The following natality template (inspired by T. Govier) proceeds on the one hand from the assumption of a couple who are resolved to beget a child and on the other hand from the assumption of a couple who are resolved not to do so. The template makes clear that, whereas unexpectedly poor future prospects for a child that a couple may have resolved to beget should lead to the rethinking of any progenerative decision that may already have been taken, unexpectedly good prospects for such a child need not necessarily lead to the rethinking of an antigenerative one.
||Best external knowledge: Child will be extremely happy/healthy
||Best external knowledge: Child will be unhappy/unhealthy
|Couple willing to beget children because the child will have a good life
||No obligation to go back on decision
||Obligation to go back on decision
|Couple unwilling to beget children because the child will have a bad life
||No obligation to go back on decision
||No obligation to go back on decision
Whoever had been resolved not to beget a child (for example, because such a child would be poor or might be supposed to be the bearer of a hereditary illness) is not morally obliged to go back on this resolution should new information suggest that it is very probable that his progeny will enjoy, in fact, an extremely good life (because, say, he, as his parent, inherits a fortune or the hereditary disease turns out to be a false diagnosis). On the other hand, those resolved to have children may well indeed, on receipt of bad news about the likely quality of life of this latter, be morally obliged to revise their decision. Here too there is revealed the moral superiority of an antigenerative decision once taken, since this latter does not stand in need of correction even where circumstances change.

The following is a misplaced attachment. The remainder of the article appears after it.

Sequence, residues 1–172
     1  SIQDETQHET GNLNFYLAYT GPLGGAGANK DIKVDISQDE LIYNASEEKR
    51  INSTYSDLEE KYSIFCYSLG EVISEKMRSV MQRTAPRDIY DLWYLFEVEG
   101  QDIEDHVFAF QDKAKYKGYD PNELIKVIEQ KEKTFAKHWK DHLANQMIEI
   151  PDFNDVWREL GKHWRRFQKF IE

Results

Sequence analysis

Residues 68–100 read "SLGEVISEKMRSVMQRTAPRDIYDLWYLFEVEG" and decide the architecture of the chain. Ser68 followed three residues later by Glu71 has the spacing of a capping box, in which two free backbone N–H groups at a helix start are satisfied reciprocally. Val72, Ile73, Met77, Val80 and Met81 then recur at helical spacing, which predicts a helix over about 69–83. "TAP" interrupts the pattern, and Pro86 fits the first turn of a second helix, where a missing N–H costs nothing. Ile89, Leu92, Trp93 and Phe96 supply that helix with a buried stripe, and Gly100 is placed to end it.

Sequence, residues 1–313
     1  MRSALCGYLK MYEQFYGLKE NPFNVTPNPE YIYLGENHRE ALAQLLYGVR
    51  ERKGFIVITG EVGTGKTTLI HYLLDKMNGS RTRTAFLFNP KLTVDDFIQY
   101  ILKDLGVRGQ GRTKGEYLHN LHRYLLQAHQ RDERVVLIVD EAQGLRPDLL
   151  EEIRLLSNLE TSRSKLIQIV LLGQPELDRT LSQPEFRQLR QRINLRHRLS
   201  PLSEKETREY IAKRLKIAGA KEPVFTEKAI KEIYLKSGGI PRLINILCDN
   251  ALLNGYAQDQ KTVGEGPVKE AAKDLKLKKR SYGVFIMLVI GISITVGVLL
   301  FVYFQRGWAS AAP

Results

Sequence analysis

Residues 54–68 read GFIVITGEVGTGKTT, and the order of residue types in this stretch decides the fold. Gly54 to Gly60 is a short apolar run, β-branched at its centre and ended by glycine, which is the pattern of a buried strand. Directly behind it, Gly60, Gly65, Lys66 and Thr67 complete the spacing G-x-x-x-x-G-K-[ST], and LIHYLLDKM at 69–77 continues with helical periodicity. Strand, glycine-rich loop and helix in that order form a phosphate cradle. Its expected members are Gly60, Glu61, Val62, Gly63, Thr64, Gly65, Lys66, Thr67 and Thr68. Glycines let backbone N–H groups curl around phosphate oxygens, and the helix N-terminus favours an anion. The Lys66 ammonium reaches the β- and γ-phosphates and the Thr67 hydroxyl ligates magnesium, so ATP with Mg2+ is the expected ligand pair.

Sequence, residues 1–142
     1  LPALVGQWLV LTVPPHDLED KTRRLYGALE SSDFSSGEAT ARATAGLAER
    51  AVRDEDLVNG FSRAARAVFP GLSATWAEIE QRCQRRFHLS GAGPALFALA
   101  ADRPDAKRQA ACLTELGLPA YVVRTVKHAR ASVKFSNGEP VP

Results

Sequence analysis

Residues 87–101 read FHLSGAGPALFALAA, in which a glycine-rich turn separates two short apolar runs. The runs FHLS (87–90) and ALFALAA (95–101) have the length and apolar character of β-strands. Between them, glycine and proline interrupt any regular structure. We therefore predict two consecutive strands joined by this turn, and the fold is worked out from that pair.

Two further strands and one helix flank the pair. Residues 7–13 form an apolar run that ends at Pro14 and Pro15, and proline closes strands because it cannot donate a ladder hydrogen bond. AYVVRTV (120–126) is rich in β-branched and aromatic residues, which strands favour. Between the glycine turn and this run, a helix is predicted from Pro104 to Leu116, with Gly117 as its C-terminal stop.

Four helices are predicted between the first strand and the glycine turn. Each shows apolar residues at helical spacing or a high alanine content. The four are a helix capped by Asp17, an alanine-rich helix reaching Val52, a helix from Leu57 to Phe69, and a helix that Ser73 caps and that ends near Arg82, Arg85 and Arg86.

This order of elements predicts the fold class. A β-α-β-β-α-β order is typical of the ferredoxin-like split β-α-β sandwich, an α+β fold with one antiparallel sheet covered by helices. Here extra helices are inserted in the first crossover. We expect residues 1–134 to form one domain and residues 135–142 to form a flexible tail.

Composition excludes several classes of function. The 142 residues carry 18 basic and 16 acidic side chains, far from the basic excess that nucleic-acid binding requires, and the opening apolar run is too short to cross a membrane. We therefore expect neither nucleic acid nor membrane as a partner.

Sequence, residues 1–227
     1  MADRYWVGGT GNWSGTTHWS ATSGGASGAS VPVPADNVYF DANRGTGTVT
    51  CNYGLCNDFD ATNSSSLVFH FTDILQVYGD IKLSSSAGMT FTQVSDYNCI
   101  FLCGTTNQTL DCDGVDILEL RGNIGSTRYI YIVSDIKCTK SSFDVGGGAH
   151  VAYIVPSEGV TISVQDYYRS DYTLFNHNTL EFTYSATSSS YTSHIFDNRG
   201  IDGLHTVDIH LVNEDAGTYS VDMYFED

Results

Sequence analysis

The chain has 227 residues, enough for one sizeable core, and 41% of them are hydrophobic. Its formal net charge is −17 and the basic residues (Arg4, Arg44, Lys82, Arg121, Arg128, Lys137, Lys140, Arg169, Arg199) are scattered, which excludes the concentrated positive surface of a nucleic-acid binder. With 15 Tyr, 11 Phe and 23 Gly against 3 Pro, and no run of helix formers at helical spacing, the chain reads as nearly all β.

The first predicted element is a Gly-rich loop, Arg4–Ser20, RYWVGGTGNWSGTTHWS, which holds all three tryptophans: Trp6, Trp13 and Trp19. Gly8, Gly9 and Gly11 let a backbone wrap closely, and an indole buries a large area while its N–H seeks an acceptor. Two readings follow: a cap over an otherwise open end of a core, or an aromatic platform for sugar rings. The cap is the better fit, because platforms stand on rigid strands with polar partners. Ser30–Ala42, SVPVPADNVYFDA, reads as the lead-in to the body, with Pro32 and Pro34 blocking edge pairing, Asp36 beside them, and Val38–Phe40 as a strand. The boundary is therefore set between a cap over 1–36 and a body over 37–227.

One of the most regularly recurringly encountered forms of pronatalistic thought is the explicit or implicit recourse to the notion of some pre-existing soul-like entity, be it individual or non-individual. Since the implicit or explicit claim that there really is such a pre-existing soul or soul-substance represents something of a “foreign body” with the scientific forma mentis of our modern world, we must see in the occurrence of such a notion a modern “natal myth”. Progenerative decisions may well owe a part of their impetus to the effects still exerted, underneath the surface of our modern culture, by such natal myths.
We may recognize, for example, the presence of such a modern natal myth in Esther Vilar’s formulation that “we slaughter animals and eat them but it is thanks precisely to this pitiless behaviour of ours that these animals see the light of day at all.” (>Livestock, Human and Animal). The “existentially grateful” Günther Anders too recurs involuntarily to this myth when he remarks that he is happy to have been allowed to come into this world, a piece of good fortune that has been refused to most (>Gratitude for Existence >Anders).